Stone sculptor and stone carving instructor for the visually impaired
If I had to name one theme that was a focus throughout my life, it would be relationships and communication in different cultures.
Whether working as a health care practitioner, or studying cultural anthropology and African languages or, eventually, working as a family therapist in private practice, my interest in relations and interactions continues to grow.
When I first started carving stone, I had no idea where the creative ideas came from. I just liked doing it. Later, after several workshops and working with fellow artists, I realized that I had simply transferred my interest in inter-relational communications into a new medium: stone.
While still a family therapist in Europe, I found the “living sculpture” to be one of the most fascinating methods to use with families or groups: People express their relations, troubles and feelings in an unorthodox way by creating a human sculpture through the position, posture and expression of their bodies. The three-dimensional aspect of creating these living sculptures provided new ways to look at problems and to find solutions together.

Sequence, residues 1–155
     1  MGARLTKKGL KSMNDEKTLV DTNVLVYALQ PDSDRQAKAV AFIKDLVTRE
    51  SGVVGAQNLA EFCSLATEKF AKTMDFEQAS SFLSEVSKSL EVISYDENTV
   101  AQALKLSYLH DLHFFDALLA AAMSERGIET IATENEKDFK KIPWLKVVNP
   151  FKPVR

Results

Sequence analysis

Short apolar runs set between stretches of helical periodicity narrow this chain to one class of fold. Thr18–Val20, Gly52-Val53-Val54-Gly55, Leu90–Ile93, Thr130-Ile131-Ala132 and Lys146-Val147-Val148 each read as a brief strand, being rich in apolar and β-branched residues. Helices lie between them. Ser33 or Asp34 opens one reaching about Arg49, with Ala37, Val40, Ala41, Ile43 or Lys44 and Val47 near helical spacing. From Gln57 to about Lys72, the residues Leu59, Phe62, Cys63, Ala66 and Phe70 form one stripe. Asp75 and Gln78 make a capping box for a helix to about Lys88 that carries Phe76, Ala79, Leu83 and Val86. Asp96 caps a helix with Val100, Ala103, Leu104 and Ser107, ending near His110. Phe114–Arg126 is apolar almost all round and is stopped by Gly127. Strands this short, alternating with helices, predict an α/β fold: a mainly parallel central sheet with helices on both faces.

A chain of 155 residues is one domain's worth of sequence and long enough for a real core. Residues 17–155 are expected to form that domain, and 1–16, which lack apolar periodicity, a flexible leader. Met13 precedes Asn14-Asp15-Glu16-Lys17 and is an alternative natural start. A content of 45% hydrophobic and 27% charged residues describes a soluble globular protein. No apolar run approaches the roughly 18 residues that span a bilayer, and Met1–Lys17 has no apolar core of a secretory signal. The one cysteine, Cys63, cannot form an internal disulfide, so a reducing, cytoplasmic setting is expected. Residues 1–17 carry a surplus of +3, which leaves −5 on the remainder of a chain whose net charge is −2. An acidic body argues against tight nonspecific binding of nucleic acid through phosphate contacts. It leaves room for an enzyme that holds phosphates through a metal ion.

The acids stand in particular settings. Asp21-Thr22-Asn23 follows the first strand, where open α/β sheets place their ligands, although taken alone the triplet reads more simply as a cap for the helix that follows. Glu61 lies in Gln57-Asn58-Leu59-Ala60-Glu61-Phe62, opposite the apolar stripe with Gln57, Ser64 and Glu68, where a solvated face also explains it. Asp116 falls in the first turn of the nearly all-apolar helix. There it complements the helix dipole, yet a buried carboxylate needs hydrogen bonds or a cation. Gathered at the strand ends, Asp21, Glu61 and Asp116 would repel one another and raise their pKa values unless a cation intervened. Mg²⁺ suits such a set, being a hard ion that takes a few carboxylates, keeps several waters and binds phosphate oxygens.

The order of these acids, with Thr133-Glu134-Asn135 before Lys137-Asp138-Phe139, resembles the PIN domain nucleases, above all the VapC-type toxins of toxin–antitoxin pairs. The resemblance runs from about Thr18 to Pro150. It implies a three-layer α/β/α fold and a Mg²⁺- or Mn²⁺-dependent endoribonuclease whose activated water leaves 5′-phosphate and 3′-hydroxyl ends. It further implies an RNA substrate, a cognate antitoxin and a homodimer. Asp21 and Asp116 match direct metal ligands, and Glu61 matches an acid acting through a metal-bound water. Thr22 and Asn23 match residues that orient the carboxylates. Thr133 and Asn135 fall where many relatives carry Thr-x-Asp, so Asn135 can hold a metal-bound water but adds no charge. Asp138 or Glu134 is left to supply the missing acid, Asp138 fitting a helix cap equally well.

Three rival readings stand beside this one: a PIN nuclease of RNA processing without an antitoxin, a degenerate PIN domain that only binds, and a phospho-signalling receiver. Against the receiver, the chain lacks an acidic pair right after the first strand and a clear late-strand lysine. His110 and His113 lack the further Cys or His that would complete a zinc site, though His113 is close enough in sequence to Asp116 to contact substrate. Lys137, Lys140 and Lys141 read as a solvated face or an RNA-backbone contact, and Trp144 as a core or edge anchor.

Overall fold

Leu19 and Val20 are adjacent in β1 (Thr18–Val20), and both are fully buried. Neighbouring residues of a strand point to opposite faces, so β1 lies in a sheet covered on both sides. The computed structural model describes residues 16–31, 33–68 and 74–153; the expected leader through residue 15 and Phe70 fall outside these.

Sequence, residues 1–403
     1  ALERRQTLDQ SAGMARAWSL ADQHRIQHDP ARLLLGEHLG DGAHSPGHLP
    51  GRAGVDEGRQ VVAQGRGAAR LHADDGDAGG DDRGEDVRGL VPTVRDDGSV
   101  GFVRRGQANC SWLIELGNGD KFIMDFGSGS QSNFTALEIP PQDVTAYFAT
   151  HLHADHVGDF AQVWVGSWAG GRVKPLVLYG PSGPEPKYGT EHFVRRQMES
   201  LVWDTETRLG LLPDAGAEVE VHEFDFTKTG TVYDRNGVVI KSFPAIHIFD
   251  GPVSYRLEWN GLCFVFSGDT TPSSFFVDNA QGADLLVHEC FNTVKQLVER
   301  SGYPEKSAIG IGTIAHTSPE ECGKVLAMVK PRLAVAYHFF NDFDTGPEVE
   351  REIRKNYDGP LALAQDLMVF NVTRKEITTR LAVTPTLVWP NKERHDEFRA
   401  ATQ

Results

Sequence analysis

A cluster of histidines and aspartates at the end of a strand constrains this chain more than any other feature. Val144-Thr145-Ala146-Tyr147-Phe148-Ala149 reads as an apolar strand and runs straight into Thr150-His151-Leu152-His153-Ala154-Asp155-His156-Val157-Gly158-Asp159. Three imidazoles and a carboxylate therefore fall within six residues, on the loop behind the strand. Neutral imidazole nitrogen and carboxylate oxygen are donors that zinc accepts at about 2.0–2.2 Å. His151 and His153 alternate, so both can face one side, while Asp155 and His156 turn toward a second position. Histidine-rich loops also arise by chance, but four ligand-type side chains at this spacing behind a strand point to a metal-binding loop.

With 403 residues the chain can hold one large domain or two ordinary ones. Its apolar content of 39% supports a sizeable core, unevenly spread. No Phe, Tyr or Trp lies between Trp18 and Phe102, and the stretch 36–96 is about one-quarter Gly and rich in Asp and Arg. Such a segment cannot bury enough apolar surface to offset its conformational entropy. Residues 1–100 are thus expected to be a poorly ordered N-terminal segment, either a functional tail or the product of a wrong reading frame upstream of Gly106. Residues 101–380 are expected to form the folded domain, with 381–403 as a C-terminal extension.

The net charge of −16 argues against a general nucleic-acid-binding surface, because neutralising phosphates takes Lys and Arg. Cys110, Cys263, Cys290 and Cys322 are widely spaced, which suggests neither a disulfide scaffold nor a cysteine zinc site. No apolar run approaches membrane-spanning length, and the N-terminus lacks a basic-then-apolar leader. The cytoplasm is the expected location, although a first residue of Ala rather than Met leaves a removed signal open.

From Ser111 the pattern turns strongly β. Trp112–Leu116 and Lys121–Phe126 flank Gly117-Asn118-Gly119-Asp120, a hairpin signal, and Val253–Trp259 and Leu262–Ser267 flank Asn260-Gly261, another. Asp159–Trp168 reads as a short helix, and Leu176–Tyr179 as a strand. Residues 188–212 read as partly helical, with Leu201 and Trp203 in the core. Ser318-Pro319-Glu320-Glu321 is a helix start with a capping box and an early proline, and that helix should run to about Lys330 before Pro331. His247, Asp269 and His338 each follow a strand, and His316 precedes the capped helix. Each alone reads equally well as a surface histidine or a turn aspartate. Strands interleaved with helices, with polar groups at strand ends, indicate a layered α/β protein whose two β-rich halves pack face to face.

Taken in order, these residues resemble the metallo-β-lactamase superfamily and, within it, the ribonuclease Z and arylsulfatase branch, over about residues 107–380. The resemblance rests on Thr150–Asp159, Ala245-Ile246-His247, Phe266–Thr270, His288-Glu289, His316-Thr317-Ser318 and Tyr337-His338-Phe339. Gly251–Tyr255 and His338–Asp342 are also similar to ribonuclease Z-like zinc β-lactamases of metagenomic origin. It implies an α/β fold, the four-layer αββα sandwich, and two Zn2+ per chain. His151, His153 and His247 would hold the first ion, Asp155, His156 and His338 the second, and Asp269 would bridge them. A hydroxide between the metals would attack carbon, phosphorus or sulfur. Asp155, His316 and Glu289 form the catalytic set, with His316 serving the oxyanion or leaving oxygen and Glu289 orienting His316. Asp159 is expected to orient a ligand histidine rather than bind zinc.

I apply these principles to my sculptural work as well. My art centers on the dynamic interaction between the various parts of a given sculpture, rather than on a static form. Often comprised of various pieces, my sculptures are meant to be touched and rearranged by the viewers, allowing them to communicate creatively and directly with the work before them. Each individual piece stands for itself but is also a lively and important part of the whole set to demonstrate the complexity and variability of human systems. A shift in configuration will often entirely alter the perception of the grouping as a whole and thus remind us how differing perspectives can change our interpretation and understanding of a given situation.